Photograph by
Littée, Edgar, French, 1866 - 1931
Published by
Subject of
Unidentified Woman or Women
silver and photographic gelatin on photographic paper, with ink on paper
H x W: 5 1/2 × 3 1/2 in. (14 × 8.9 cm)
The title of this French colonial postcard (GUADELOUPE. - Type n° 7) exemplifies the standard naming structure that categorized “exotic” native subjects in the form of ethnic and occupational “types.” Presenting the image subjects in this way conveyed the perception of them as “tame” colonial subjects capable of assimilation into European ways of life. The colonial postcard, popular in the first two decades of the 20th century, came to represent both the technological triumphs of western photography – in printing and mass production – and the political triumphs of European conquest and expansion. These postcards also promoted tourism to the French Caribbean, painting the region as a safe, favorable, and exotic travel destination.
The woman in this image wears a traditional, five-piece French Caribbean formal ensemble called a douillette, which is derived from the grand robe worn by early French settlers. Prior to Emancipation, dress codes required enslaved women to wear a chemise jupe, an informal bodice and skirt ensemble. Douillettes would have been worn by mulattas and free black women. Following Emancipation, black women resisted these old dress codes by donning elaborate douillettes that were previously forbidden. The douillette dress is made of colored or shiny fabric and is worn over a petticoat and accessorized with a satin foulard shawl over the shoulders. As depicted in the image, women protected their douillettes by placing the skirt of their dress over their arm. This practice is believed to be fashioned after the West African custom of lifting the skirt and flinging it over one arm. This method allowed for a partial view of the petticoat.
The ensemble is finished with an ornately tied madras head scarf. Originally produced in the Chennai region of southeast India, madras cloth became popular amongst Creole women in the 18th century and replaced the white cotton head kerchief which was associated with the dress codes of enslavement. In the early twentieth century, Guadeloupian and Martiniquan women reclaimed this head adornment as their own and many wore madras head scarves with their douillette and chemise jupes. The square or rectangular piece of madras cloth was worn over the forehead and folded to display varying numbers of peaks. The head scarf can be tied in a ceremonial fashion or can be worn to show the availability of the woman in courtship, depending on the number of peaks tied into it. One peak represents that the woman is single, two that she is married, three that she is widowed or divorced, and four that she is available to any who tries.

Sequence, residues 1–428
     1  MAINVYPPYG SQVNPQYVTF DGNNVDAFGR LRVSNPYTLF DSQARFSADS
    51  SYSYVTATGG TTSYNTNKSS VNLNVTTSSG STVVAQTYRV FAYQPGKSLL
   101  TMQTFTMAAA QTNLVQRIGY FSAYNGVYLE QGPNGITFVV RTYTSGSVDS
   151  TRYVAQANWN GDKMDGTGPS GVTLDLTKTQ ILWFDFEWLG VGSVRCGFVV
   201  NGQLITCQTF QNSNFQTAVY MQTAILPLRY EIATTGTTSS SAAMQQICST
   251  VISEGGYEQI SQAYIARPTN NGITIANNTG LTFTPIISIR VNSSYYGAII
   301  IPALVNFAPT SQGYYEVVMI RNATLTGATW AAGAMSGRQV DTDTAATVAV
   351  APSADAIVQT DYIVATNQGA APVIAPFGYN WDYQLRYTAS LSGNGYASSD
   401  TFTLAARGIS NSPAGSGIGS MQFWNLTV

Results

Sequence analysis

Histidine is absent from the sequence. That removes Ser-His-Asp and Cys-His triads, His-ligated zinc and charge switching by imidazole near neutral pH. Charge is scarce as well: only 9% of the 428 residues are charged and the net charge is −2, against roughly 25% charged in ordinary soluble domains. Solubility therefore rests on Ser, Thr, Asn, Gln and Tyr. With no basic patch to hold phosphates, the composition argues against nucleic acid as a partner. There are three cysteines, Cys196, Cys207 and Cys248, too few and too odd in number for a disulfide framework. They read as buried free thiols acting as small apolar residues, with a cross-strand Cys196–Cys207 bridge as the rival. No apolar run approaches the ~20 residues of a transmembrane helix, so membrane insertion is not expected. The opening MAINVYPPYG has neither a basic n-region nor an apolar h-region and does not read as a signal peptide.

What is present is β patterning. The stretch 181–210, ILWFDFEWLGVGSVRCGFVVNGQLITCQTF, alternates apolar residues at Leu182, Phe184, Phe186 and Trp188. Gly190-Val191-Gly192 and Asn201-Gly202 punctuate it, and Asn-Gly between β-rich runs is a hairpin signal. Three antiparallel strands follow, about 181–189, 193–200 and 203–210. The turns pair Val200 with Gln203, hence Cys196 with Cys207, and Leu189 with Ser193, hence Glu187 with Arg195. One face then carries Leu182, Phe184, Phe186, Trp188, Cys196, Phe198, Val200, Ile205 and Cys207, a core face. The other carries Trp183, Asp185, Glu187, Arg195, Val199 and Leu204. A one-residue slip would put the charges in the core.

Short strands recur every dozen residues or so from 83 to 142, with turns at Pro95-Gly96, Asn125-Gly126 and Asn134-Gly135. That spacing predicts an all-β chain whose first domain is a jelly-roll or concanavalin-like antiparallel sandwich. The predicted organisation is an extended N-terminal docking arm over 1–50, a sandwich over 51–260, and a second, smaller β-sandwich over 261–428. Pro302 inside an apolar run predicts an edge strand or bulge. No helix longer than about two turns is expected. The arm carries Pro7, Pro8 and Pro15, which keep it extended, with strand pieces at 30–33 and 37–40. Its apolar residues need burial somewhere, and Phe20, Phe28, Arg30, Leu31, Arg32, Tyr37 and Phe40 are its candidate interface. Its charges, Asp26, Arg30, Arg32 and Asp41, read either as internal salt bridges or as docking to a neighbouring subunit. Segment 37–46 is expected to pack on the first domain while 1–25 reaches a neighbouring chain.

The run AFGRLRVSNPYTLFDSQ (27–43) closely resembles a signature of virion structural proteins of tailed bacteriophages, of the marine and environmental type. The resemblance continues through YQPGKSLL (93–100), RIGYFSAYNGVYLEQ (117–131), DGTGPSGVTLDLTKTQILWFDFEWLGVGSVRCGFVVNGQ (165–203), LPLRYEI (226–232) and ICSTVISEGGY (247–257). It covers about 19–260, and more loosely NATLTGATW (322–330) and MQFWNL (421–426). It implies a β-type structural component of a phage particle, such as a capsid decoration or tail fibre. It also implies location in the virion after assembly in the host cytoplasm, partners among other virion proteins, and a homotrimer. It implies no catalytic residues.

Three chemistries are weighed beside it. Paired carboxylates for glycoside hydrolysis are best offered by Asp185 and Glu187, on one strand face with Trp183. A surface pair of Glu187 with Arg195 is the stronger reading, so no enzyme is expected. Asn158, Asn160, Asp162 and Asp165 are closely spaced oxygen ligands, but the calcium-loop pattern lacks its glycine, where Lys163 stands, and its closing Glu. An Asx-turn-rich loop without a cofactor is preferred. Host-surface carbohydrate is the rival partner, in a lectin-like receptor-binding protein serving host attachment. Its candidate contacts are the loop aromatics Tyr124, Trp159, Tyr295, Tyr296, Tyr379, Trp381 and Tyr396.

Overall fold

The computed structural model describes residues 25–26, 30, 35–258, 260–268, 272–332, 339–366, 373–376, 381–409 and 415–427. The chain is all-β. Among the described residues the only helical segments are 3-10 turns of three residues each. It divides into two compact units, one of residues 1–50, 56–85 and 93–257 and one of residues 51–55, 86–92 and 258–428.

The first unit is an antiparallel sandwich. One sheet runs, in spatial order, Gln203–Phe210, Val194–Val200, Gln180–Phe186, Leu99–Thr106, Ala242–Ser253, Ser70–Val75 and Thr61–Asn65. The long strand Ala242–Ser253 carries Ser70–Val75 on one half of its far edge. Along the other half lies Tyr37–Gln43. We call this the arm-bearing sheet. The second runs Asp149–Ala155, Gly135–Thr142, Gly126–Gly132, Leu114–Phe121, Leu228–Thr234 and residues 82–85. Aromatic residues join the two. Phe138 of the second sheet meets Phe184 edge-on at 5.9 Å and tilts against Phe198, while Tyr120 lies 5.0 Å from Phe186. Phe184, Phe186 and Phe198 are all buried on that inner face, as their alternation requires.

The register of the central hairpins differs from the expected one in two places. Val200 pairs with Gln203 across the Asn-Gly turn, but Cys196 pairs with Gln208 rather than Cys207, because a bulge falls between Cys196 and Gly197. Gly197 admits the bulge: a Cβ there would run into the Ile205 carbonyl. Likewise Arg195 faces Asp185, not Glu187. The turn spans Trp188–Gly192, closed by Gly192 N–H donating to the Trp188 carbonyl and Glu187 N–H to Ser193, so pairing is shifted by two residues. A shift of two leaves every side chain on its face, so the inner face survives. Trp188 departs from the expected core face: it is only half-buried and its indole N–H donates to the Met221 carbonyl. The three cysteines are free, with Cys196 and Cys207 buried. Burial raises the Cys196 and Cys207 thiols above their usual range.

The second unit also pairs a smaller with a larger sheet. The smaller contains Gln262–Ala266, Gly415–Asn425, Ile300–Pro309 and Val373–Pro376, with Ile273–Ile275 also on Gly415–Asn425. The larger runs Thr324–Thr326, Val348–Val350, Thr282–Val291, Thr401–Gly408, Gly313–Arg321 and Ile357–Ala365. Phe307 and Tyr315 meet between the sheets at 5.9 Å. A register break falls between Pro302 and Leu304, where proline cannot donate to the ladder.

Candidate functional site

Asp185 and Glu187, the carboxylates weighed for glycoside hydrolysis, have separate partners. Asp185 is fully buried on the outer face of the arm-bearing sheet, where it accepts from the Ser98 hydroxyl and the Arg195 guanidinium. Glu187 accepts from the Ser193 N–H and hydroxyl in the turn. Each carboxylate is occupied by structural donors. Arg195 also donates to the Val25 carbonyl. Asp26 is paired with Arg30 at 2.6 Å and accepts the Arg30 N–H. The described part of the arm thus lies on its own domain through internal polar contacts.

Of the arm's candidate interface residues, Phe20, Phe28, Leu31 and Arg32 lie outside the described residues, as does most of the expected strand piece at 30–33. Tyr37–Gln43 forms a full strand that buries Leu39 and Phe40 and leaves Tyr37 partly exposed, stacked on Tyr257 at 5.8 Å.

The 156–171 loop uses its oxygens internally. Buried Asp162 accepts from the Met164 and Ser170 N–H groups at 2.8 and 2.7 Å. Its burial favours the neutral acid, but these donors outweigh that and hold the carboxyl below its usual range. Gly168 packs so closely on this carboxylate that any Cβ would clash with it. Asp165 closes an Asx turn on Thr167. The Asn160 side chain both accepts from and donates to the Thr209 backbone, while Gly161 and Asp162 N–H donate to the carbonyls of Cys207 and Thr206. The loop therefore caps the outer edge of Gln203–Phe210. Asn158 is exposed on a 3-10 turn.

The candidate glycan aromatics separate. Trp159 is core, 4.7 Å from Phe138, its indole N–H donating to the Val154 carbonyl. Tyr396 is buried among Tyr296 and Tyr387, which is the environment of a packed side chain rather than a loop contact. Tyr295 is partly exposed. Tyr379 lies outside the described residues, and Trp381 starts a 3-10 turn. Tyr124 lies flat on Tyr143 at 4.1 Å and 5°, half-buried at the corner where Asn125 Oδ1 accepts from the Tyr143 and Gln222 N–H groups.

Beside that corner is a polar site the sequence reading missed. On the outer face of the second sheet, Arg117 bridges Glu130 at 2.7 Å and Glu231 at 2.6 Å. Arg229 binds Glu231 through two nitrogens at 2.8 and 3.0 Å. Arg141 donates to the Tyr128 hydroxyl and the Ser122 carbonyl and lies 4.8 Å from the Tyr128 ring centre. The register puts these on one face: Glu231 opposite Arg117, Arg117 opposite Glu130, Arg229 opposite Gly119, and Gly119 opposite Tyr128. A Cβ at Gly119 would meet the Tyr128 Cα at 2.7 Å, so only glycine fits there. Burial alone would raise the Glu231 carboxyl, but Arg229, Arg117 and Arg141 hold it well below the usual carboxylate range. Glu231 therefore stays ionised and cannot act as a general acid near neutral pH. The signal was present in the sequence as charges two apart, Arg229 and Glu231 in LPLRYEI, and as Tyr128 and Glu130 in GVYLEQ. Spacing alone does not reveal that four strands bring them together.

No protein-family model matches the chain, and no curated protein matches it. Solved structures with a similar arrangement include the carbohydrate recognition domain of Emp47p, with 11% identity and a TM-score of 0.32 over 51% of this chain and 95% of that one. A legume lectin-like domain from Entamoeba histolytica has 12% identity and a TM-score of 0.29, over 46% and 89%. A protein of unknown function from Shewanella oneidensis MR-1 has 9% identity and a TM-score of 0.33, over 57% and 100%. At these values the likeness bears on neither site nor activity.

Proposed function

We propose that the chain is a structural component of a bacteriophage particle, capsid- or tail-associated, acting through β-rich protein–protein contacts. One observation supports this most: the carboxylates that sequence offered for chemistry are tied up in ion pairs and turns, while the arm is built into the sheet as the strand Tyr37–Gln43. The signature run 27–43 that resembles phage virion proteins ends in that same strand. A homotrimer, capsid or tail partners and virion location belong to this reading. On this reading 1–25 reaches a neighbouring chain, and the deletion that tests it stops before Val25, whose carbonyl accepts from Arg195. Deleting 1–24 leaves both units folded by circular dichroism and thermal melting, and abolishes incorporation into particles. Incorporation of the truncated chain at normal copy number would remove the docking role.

It was fashionable to accessorize these outfits with gold jewelry. The woman in this image wears a traditional collier-choux around her neck and chenille earrings. The collier-choux is a multi-layered necklace made up of a succession of two striated gold grains welded together. Her chenille earrings are made of three gold threads twisted into a single body.
A photographic postcard of an unidentified Guadeloupean woman in a traditional douillette dress ensemble including a madras head scarf. She is featured standing, facing slightly towards the right of the image, looking towards the camera and smiling faintly. She is wearing a long, light colored, floral print grand robe that ties around her waist. A dark colored foulard kerchief is placed over her shoulders. She stands with the skirt of her robe gathered over her right wrist, obscuring her hand. She also wears traditional gold jewelry with her ensemble including the multi-layered collier-choux necklace and chenille earrings. She wears a knotted, striped madras head scarf. [GUADELOUPE. - Type n° 7] is printed in black on the top of the postcard above the woman. On the left side of the postcard, printed sideways, [Edit. Phos. Pointe-à-Pitre (Guadeloupe)]. The back of the postcard is unused and has [CARTE POSTALE] printed in black at the top and in smaller letters printed underneath [La Correspondance au recto n'est pas acceptée par tous les Pays Etrangers. (Se renseigner à la Poste.)]. Below, are blank spaces for [CORRESPONDANCE] and [ADRESSE]. Four dark blank lines are below the Adresse. The first line begins with [M____]. Handwritten in graphite on the bottom left corner is [QAN].
Place captured
Pointe-à-Pitre, Guadeloupe, Caribbean, Latin America, North and Central America
Cultural Place
France, Europe
West Africa, Africa
Chennai, Tamil Nadu, India, Asia
Media Arts-Photography
Memorabilia and Ephemera
African diaspora
Clothing and dress
French colonialism
Credit Line
Collection of the Smithsonian National Museum of African American History and Culture
Object number
Restrictions & Rights
Public domain
Proper usage is the responsibility of the user.

Cataloging is an ongoing process and we may update this record as we conduct additional research and review. If you have more information about this object, please contact us at

Share this page